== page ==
Fallout from the Oxford Professor of Poetry Debacle


The nearly unanimous response to Derek Walcott’s withdrawal as a candidate for the post of Oxford Professor of Poetry from newspaper reporters, commentators, and bloggers has been one of regret and of condemnation of the tactics that pushed him to that decision.

There have been calls for Oxford to postpone the vote and a suggestion that nominations should be reopened to encourage candidates that may have felt that Walcott was too formidable an opponent to come forward. Oxford, however, has announced that the vote will take place this coming Saturday as scheduled. As the Guardian reports, “His withdrawal means there are now just two candidates competing for the post: Ruth Padel and Arvind Mehrotra, a situation that Oxford academic Peter McDonald of Christ Church College said deprived the electorate of “a meaningful choice”: “Are we to believe that, had only Padel and Mehrotra been on the cards before nominations closed, another name would not have come forward? Several eminent people who would not have stood against a poet of Walcott’s stature would certainly have felt up to public comparison with Ruth Padel,” said Dr McDonald, a poetry tutor at Oxford for the last 10 years.

Some writers have turned a bit against Ruth Padel, who has disassociated herself from Walcott’s anonymous detractors but stands to gain most from his withdrawal. The Telegraph writes of Michael George Gibson, a poet claiming to have been the anonymous subject of an attack that Miss Padel published while chairman of the Poetry Society. Gibson says: “Miss Padel’s approach to the prosody and poetics of modern and earlier English poetry, as evidenced in her book 52 Ways of Looking at a Poem, is grossly incompetent and misleading.” He adds: “She is unfit to be a Professor of Poetry and should stand down from the election.”

Shirley Dent, writing for The First Post, calls Walcott’s withdrawal “a shameful day for intellectual life in this country.” She adds: “I will stand up and say now that even if every word of the allegations are true, if the worst thing that is ever said to you as a woman is ‘Imagine me making love to you. What would I do? … Would you make love with me if I asked you?’ you need to get out more. If anybody thinks this is a fine day for feminism they need to be disabused of that misapprehension sharpish. If women winning is now associated with mean-spirited, conniving, back-stabbing, then we really have lost the plot.”

Even one of Walcott’s alleged victims, American Writer Nicole Kelby, is deploring the outcome and calling for Walcott to reinstate his candidacy. Writing for the Sunday Times, Kelby, whose allegations against Walcott date from 1996 and were used as part of the smear campaign, says Oxford should scrap this weekend’s planned election rather than allow it to be dictated by underhand tactics. She added that critics of Walcott, “the greatest living poet”, need to realize that poetry is a “passionate art” and that “it is his way to be sexual, to push the envelope of both decorum and good taste. I can only hope that Oxford decides to stop the election and allow everyone more time to reconsider what has just happened. Derek Walcott should not walk away from this post.”

Christina Patterson, writing for London’s Independent newspaper, writes about Walcott’s withdrawal as someone who has worked with the poet. It is brief and characteristic of responses to the news:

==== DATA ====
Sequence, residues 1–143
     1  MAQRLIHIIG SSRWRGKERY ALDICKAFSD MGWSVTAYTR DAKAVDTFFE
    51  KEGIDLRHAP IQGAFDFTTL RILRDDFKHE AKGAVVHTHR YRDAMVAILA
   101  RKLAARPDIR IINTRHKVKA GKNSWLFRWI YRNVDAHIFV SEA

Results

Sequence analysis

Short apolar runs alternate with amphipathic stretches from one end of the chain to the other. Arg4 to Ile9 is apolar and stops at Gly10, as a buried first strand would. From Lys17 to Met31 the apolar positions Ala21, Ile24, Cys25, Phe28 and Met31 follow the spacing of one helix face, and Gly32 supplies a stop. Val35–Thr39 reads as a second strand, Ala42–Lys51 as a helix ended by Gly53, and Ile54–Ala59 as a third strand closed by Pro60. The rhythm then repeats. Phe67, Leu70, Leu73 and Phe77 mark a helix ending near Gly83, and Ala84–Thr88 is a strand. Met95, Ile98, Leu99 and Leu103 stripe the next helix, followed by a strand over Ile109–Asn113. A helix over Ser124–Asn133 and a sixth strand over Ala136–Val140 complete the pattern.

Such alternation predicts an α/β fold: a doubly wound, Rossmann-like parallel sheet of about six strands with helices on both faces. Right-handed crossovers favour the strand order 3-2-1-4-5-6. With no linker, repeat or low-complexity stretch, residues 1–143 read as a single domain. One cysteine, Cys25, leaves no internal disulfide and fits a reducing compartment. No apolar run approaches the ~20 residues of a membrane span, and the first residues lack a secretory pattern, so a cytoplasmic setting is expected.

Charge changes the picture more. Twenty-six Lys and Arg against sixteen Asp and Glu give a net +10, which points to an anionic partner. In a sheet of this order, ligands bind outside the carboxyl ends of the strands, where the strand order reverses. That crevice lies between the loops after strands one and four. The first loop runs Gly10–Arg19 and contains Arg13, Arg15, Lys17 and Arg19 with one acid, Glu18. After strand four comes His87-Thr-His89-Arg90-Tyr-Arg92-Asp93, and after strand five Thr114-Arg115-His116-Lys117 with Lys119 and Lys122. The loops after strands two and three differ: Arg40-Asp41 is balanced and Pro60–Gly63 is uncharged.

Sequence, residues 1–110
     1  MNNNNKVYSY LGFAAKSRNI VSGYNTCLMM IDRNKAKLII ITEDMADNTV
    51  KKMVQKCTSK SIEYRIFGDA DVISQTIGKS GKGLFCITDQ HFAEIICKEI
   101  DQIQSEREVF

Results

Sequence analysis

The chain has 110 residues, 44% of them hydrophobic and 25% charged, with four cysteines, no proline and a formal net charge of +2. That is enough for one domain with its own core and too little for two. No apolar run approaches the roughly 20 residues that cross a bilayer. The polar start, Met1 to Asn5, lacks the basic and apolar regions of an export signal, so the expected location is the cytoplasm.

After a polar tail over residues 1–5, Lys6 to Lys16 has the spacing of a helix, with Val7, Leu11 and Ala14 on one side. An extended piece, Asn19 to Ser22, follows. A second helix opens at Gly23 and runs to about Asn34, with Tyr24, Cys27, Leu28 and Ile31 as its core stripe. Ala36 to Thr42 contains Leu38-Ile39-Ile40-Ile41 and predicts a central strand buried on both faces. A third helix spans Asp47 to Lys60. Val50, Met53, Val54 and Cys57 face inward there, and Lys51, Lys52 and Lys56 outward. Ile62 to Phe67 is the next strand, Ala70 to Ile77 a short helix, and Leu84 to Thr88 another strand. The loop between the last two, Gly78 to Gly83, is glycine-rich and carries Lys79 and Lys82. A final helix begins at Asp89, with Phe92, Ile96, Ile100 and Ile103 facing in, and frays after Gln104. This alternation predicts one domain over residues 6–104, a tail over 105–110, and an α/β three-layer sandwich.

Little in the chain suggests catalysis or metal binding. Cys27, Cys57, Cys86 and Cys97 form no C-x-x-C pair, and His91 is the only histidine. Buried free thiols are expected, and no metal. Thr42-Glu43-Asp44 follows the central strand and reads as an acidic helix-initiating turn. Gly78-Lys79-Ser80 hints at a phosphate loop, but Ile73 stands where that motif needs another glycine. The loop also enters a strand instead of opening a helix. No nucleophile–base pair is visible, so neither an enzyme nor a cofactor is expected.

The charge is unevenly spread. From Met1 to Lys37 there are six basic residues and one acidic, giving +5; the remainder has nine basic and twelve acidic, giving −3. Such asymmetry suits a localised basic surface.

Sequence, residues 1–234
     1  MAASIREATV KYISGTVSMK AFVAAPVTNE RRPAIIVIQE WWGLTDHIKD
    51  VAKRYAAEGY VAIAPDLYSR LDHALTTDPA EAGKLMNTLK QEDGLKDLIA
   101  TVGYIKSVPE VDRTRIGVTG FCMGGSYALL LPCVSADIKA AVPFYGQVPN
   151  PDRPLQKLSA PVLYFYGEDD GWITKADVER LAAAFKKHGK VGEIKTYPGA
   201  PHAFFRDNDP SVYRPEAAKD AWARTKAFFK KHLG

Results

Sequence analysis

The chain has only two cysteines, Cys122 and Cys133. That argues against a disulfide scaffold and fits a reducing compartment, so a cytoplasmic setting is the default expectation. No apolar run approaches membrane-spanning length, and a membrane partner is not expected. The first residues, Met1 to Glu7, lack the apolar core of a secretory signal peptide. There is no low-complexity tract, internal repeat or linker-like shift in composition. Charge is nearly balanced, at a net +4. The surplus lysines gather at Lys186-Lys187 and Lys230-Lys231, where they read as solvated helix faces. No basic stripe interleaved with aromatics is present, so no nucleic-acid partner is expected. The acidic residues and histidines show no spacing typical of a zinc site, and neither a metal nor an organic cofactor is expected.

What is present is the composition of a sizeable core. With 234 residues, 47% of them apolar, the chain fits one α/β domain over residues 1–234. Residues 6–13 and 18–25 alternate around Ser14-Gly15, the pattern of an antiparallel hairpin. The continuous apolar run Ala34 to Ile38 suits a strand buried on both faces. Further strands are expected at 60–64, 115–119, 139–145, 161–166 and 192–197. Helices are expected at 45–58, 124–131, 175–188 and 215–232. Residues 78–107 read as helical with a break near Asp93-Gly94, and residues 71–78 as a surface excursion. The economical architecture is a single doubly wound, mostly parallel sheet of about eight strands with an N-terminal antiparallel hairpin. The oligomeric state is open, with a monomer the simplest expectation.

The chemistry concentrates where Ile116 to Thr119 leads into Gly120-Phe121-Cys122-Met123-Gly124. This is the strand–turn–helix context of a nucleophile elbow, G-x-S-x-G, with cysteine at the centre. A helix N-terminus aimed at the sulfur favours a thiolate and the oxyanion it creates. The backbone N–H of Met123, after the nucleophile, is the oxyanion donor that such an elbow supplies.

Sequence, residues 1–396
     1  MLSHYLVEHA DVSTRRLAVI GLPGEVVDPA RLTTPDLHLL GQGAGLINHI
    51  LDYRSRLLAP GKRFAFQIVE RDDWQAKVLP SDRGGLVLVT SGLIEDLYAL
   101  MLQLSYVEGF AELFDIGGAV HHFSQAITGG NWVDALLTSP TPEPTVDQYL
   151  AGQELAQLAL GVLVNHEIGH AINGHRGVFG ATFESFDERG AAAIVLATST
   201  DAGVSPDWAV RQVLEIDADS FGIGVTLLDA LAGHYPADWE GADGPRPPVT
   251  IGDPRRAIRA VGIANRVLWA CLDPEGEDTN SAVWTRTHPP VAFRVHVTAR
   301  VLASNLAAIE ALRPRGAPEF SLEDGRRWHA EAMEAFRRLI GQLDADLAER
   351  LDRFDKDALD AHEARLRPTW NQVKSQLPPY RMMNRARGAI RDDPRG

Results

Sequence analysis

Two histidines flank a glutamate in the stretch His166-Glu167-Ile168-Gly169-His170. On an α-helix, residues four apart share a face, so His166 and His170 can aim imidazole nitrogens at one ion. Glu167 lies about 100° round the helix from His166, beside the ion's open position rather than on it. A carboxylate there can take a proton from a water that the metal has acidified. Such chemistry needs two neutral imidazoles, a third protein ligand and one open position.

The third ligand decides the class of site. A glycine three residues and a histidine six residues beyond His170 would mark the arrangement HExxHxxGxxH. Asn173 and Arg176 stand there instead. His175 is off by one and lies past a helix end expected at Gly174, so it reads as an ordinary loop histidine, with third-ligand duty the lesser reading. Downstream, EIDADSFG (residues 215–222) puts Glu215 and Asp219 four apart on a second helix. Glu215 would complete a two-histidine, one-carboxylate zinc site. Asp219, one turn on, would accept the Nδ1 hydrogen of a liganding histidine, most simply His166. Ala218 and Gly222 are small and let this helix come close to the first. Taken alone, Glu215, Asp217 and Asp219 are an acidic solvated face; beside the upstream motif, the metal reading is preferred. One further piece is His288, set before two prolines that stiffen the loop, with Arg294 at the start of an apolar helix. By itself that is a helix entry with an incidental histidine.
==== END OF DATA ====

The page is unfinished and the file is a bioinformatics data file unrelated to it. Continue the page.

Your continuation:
“Many years ago, when I worked in the publicity department at Faber, a colleague told me that Derek Walcott was “a bit of a one”. And so, indeed, it proved. His eye for the laydeez was manifest not just in his gentle teasing of publicity girls with names like Camilla (and Christina) but also in various allegations of sexual harassment at the universities where he taught. Nearly 30 years after the first one, these allegations have been photocopied and distributed to more than 100 Oxford professors, in an attempt to thwart his candidature for professor of poetry. Anonymously, of course.

Wide-ranging, and often entirely inappropriate, expressions of enthusiasm for the female form are, you could argue, a traditional part of the male poet’s armoury. While no one could condone the alleged downgrading of a student’s work for sexual favours not received, it’s rather hard to see its relevance to a post which consists entirely of giving lectures and to a man who is nearly 80. Walcott, a Nobel laureate, is a truly wonderful poet. Whoever did this petty act has deprived Oxford of the possibility of a great poetic voice, and the only other serious contender, Ruth Padel (also a hugely talented poet) of a proper, and satisfying, battle.”

Update: On May 25, Ms. Padel was revealed to have sent e-mails to the press detailing the allegations against Walcott and has resigned the Oxford Professor of Poetry post to which she was elected on May 16. For more go to E-mails show that Ruth Padel was implicated in smear campaign against Walcott

Her comments are reproduced here from her column in the Independent and can be found at http://www.independent.co.uk/opinion/commentators/christina-patterson/christina-patterson-please-stop-telling-me-youre-sorry-1684503.html

For the article on Ms. Padel in The Telegraph go to http://www.telegraph.co.uk/news/newstopics/mandrake/5319581/War-of-words-blights-poetry-contest.html

The article on the Guardian can be found at http://www.guardian.co.uk/books/2009/may/13/oxford-poetry-professor-election. The photograph by Martin Godwin reproduced above appeared in this article.

For Shirley Dent’s comments go to http://www.thefirstpost.co.uk/47580,opinion,walcott-smears-bring-shame-on-our-intellectual-life

For Ms. Kelby’s comments go to http://entertainment.timesonline.co.uk/tol/arts_and_entertainment/books/poetry/article6288044.ece

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